Asian shares struck a seven-month high on Thursday as a slew of Chinese data pointed to stabilization in the world's second largest economy, and positive U.S. housing data helped ease worries about a sharper slowdown in global growth.

The brighter tone for risk assets weighed on safe-haven U.S. Treasuries, the dollar and the yen.

China's third-quarter gross domestic product grew 7.4 percent from a year earlier, the slowest pace since the first quarter of 2009 and marking the seventh straight quarter of slower growth, but matching expectations.

Other data such as fixed asset investment, retail sales and industrial output slightly exceeded forecasts.

"This is within expectations, the economy is showing signs of stabilizing, that is good news," said Dong Tai, economist at Credit Suisse in Hong Kong. "We think that with rebounding property markets, stabilizing export orders, resuming consumption, we probably have seen the bottom of the economy."

The MSCI index of Asia-Pacific shares outside Japan <.MIAPJ0000PUS> gained 0.6 percent, rising for a third day in a row with its energy <.MIAPJEN00PUS> and materials <.MIAPJMT00PUS> leading the increase.

Hong Kong shares were up 0.4 percent and Shanghai shares inched up 0.5 percent, while shares in Australia jumped 1.1 percent to a fresh 15-month high, supported by the resources sectors which drew strength from signs the slowdown is drawing to an end in China, Australia's largest export market.

The commodities-sensitive Australian dollar briefly touched a two-week high of $1.0395 after the Chinese data, and last traded at $1.0384.

The benchmark Thomson Reuters-Jefferies CRB index , a global commodities benchmark, has recovered less than a third of its drop from its recent peak in September, offering more scope on the upside.

"The data for September suggests China's economy likely bottomed in July-August and is set to recover, and this will help ease fears about further downside risks to the Chinese economy," said Hirokazu Yuihama, a senior strategist at Daiwa Securities. "There aren't clear signs that demand from China is picking up but sentiment for commodities is improving and this should eventually support growth-sensitive assets," he said.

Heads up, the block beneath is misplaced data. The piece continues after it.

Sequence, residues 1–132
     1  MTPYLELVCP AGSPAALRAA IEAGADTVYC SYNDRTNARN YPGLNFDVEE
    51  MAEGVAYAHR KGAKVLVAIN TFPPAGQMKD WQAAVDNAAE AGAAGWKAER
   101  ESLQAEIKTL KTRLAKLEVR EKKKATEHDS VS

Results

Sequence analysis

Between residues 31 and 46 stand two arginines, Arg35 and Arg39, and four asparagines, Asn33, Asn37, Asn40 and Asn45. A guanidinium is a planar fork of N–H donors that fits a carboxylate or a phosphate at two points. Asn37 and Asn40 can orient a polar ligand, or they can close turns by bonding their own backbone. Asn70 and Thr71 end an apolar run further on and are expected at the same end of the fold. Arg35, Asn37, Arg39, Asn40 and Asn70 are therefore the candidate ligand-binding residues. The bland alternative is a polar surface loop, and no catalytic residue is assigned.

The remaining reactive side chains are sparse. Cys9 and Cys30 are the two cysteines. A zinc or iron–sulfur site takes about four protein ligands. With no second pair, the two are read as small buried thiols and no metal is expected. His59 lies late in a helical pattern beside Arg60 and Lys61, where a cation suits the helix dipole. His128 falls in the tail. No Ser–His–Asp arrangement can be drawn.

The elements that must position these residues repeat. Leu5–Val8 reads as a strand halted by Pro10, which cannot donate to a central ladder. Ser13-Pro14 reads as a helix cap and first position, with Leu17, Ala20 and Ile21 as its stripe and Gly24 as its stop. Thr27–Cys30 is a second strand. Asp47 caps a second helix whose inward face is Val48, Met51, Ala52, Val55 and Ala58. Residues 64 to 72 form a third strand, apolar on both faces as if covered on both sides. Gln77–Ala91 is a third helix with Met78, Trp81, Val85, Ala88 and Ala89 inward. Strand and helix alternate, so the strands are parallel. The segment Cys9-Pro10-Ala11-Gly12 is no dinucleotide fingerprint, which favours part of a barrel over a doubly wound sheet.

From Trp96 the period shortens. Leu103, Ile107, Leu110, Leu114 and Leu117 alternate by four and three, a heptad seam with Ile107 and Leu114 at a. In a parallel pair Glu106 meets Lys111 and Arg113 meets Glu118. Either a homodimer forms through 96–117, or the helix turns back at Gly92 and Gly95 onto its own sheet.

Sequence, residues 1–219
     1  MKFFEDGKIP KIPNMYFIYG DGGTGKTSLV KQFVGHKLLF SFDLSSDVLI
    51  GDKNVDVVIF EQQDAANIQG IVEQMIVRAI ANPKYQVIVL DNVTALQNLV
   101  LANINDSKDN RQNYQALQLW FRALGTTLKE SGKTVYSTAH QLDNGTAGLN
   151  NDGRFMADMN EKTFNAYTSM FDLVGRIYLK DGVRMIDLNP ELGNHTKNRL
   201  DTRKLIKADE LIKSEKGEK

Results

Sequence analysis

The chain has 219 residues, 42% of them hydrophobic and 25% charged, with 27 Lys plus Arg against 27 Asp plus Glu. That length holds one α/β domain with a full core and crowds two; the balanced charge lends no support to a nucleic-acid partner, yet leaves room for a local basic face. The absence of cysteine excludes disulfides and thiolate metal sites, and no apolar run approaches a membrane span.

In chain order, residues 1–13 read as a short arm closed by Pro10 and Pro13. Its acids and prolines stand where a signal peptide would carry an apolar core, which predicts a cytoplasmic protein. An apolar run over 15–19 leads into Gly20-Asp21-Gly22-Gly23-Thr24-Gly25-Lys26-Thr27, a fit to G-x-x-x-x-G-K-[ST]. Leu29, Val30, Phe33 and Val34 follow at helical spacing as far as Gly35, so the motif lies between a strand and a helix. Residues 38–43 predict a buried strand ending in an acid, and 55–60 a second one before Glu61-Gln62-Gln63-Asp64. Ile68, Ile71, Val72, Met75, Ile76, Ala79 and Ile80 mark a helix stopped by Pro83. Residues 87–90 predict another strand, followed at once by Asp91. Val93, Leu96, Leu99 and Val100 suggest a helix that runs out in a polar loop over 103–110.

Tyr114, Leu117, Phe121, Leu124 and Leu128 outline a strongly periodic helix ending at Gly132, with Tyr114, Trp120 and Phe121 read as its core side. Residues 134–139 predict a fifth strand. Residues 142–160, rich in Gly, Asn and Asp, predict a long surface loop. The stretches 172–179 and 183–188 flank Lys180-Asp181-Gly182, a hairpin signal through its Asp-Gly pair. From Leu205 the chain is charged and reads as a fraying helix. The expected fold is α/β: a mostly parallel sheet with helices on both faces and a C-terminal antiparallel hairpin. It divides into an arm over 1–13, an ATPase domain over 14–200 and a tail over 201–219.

Japan's Nikkei average <.N225> jumped 1.7 percent to its highest in nearly three weeks on a weaker yen.

YEN SLIPS

The dollar rose to a one-month high of 79.22 yen, with traders keen to see if it will test its 200-day moving average which stands around 79.40.

The dollar index , which measures the greenback against a basket of six major currencies, inched up 0.1 percent to 79.120, off a one-month low of 78.935 seen on Wednesday.

U.S. housing starts surged 15 percent in September, the fastest pace in over four years, bolstering sentiment that had already perked up on a fall in the U.S. jobless rate and strong retail sales.

That lifted Wall Street despite concerns that sluggish world economic growth would curtail corporate America's year-long streak of profit growth.

As investors recovered some risk appetite, the benchmark 10-year U.S. Treasury yield rose to a one-month high of 1.81 percent on Wednesday for its biggest two-day rise since late July.

"The broad USD is battling between its use as a funding currency to invest in emerging markets, and a rise in its value linked to higher yields and growth expectations," Societe Generale said in a research note.

"For now this translates into a higher USD/JPY as the most yield sensitive currency," the note said, explaining the dollar's advance against the yen

Investors were cautious ahead of a meeting of European leaders in Brussels on Thursday and Friday, watching for possible discussions over bailouts for struggling Spain and Greece.

The euro steadied around $1.3110, after reaching a one-month high of $1.3140 on Wednesday.

European leaders will try to bridge deep differences over plans for a banking union at the summit, but no substantial decisions are expected, reviving concerns about complacency in tackling the three-year-old debt crisis.

Clear decisions on helping Cyprus, Greece and Spain may also only come at a finance ministers' meeting next month, officials say.

Asian credit markets firmed, with the spread on the iTraxx Asia ex-Japan investment-grade index tighter by 3 basis points.

U.S. crude futures were steady at $92.10 a barrel while Brent inched up 0.2 percent to $113.40.

(Editing by Simon Cameron-Moore)